The mission of Hampden-Sydney College has been, since stated by its Founders in 1775, "to form good men and good citizens in an atmosphere of sound learning." In continuous operation since the first classes were held on November 10, 1775, the College is one of the oldest institutions of higher learning in the United States and holds the oldest (1783) private charter in the South.
The first president, Samuel Stanhope Smith (1775-1779), chose the name Hampden-Sydney to symbolize devotion to the principles of representative government and full civil and religious freedom which the Englishmen John Hampden (1594-1643) and Algernon Sydney (1622-1683) had supported and for which they had given their lives in the 17th century. They were widely invoked as hero-martyrs by American colonial patriots, and their names immediately associated the College with the cause of independence championed by Patrick Henry, James Madison, and the other less well-known but equally vigorous patriots who comprised the College's first Board of Trustees.
The first students committed themselves to the revolutionary effort, organized a militia-company, drilled regularly, and went off to the defense of Williamsburg in 1777 and Petersburg in 1778. Their uniform was hunting-shirts, dyed purple with the juice of pokeberries, and grey trousers. Garnet and grey were adopted as the College's colors when sports teams were introduced in the 19th century.
The College, first proposed in 1771, was formally organized in February 1775, when the Presbytery of Hanover, meeting at Nathaniel Venable's Slate Hill plantation, accepted a gift of one hundred acres for the College, elected Trustees and named as President the Rev. Samuel Stanhope Smith, College of New Jersey (Princeton) Class of 1769. Within only ten months, Smith secured an adequate subscription of funds and an enrollment of 110 students. Intending to model the new college after his alma mater, he journeyed to Princeton to secure the first faculty and visited Philadelphia to enlist support and to purchase a library and scientific apparatus. Students and faculty gathered for the opening of the first winter term on November 10, 1775.
The College matured physically and academically through the first half of the 19th century. Jonathan P. Cushing (1821-1835) oversaw the move from the College's original buildings to "New College," now Cushing Hall. Union Theological Seminary (now Union Presbyterian Seminary) was founded at Hampden-Sydney in 1822 and occupied the south end of the present campus until its relocation to Richmond (1898).
The Medical College of Virginia (now the Virginia Commonwealth University School of Medicine) was opened in Richmond in 1838 as the medical department of Hampden-Sydney College.
The Civil War and its aftermath were difficult years for Hampden-Sydney. The longest-tenured of its presidents, J. M. P. Atkinson, served from before the War through Reconstruction (1857-1883). He performed the remarkable feat of keeping the College open and solvent, while upholding academic standards.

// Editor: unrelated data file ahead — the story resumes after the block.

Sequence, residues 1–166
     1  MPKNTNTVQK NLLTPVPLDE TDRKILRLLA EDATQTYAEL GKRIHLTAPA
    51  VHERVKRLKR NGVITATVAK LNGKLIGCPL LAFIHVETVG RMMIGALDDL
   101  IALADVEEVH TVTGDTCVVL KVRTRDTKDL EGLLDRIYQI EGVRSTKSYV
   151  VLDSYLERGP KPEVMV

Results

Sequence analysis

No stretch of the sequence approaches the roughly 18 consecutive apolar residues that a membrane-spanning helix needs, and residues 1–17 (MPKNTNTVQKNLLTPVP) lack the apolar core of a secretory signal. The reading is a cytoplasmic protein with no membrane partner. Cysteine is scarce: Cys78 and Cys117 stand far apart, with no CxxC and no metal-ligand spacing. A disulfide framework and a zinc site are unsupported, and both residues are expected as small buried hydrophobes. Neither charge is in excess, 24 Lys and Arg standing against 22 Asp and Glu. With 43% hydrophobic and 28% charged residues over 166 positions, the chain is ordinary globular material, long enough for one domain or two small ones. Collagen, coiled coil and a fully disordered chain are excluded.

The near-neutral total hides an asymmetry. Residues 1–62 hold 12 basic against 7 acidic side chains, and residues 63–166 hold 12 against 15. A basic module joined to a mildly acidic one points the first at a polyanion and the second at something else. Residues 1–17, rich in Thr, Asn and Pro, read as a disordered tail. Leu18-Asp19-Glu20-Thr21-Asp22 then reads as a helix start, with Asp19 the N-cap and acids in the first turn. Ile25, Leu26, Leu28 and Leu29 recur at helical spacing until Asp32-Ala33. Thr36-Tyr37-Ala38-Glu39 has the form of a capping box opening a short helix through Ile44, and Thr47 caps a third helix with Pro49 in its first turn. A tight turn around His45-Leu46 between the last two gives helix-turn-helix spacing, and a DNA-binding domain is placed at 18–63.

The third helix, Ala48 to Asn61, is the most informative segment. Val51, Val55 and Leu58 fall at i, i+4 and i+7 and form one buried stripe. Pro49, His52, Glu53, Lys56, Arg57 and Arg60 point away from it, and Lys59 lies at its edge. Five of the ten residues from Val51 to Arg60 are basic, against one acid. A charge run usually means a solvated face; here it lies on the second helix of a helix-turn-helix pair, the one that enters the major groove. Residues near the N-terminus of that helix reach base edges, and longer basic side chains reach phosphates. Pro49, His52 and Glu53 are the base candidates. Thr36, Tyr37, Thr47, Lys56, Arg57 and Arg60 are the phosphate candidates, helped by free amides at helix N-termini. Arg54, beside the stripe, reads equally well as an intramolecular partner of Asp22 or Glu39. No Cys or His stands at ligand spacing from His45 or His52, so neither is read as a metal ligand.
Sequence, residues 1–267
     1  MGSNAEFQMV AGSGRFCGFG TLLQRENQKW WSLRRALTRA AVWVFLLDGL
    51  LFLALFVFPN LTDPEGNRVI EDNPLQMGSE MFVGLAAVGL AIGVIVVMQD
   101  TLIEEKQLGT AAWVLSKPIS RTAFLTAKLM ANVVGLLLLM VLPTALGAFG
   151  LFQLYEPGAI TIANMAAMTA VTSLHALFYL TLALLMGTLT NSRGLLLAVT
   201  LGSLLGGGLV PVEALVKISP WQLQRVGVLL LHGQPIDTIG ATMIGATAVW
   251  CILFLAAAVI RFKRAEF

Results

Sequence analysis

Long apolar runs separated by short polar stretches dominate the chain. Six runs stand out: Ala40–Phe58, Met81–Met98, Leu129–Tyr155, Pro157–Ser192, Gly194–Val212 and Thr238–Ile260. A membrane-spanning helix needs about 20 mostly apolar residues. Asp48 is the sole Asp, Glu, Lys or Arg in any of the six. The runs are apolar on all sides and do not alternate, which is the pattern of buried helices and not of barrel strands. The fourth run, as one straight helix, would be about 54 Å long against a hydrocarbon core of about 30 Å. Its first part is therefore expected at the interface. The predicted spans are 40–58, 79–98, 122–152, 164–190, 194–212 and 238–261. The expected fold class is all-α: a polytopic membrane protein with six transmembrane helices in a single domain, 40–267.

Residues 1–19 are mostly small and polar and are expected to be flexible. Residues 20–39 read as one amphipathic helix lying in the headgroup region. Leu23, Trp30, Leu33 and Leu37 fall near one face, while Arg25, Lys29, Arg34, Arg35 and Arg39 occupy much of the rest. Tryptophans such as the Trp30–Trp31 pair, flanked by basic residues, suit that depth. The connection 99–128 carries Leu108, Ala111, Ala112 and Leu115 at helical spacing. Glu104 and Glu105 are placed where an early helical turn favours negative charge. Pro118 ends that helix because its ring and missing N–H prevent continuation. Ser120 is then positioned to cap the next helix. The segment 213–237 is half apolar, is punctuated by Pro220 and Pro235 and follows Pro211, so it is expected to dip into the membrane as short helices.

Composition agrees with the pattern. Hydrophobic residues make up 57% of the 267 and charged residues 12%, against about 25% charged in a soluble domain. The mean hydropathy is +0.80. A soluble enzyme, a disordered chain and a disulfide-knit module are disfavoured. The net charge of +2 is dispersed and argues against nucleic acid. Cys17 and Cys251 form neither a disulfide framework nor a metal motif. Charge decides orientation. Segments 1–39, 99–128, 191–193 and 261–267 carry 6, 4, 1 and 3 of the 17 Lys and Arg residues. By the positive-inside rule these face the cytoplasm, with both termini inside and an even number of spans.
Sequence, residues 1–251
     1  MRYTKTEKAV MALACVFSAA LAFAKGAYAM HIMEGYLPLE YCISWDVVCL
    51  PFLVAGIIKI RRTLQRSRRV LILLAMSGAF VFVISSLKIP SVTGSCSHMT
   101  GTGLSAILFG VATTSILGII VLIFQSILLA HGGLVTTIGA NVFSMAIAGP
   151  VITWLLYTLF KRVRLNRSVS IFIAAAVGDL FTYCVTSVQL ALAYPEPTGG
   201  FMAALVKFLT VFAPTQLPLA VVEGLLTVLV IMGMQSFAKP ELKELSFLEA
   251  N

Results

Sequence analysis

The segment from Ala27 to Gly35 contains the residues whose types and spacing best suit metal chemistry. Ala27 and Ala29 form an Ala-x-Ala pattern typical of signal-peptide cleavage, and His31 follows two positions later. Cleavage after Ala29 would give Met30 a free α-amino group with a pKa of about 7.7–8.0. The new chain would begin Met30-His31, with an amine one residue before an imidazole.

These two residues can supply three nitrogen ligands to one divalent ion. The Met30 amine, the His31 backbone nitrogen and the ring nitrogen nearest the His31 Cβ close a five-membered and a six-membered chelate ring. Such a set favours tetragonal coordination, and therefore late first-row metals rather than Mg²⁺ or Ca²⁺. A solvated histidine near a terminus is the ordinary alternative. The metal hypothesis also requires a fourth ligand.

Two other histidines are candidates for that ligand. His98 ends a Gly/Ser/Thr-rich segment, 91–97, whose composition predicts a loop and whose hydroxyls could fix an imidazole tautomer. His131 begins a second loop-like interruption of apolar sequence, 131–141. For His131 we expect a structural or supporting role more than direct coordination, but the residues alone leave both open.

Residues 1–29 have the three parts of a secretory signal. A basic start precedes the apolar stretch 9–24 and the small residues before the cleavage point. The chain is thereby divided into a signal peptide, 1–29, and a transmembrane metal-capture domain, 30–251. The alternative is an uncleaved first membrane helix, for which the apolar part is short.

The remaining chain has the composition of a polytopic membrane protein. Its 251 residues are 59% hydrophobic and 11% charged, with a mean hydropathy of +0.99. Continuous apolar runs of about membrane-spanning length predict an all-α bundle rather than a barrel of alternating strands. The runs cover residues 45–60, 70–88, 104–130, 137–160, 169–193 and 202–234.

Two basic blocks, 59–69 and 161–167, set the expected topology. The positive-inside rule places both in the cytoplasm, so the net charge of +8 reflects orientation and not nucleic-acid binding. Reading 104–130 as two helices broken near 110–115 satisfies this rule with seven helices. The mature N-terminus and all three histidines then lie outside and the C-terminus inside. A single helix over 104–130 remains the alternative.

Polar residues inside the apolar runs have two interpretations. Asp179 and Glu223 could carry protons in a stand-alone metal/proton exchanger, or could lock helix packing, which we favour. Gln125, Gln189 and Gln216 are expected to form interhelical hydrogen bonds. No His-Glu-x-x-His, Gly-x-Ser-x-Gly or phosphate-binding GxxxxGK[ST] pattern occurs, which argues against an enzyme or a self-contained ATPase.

Once again, at the outset of war the student body organized a company. These men, officially mustered as Company G, 20th Virginia Regiment, "The Hampden-Sidney Boys," saw action in Rich Mountain in West Virginia (July 9-11, 1861), were captured, and were paroled by General George B. McClellan on the condition that they return to their studies. The College did not close during the Civil War.
During the presidencies of Dr. Atkinson and his successor, Dr. Richard McIlwaine, many features of current student life were introduced -- social fraternities, sports teams, and student government. After the Seminary moved to Richmond, Major Richard M. Venable, Class of 1857, bought its buildings and gave them to the College, doubling the physical plant.
Hampden-Sydney was led through the Depression and World War II and their aftermath by Presidents Joseph D. Eggleston (1919-1939) and Edgar G. Gammon (1939-1955). In the years following World War II, the College increased in enrollment, financial strength, and academic stature. In the late 1950s, academic majors were established.
Under President W. Taylor Reveley II (1963-1977), the core curriculum, largely as it is today, was established, the size of the student body and faculty increased, the physical plant was expanded, required weekly chapel services and college-wide assemblies were abolished, and the first African-American student was admitted in 1968.
Under President Josiah Bunting III (1977-1987), the Rhetoric Program was instituted (1978). The current Honors Program was established.
Under President Samuel V. Wilson (1992-2000), fine arts became a full department with programs for majors; the Center for Leadership in the Public Interest was established and was named for President Wilson upon his retirement.
The administration of President Walter M. Bortz III (2000-2009) was a period of the greatest expansion of college facilities since the 1960s/70s. The academic program was revised to include minors and a concentration in environmental studies was added.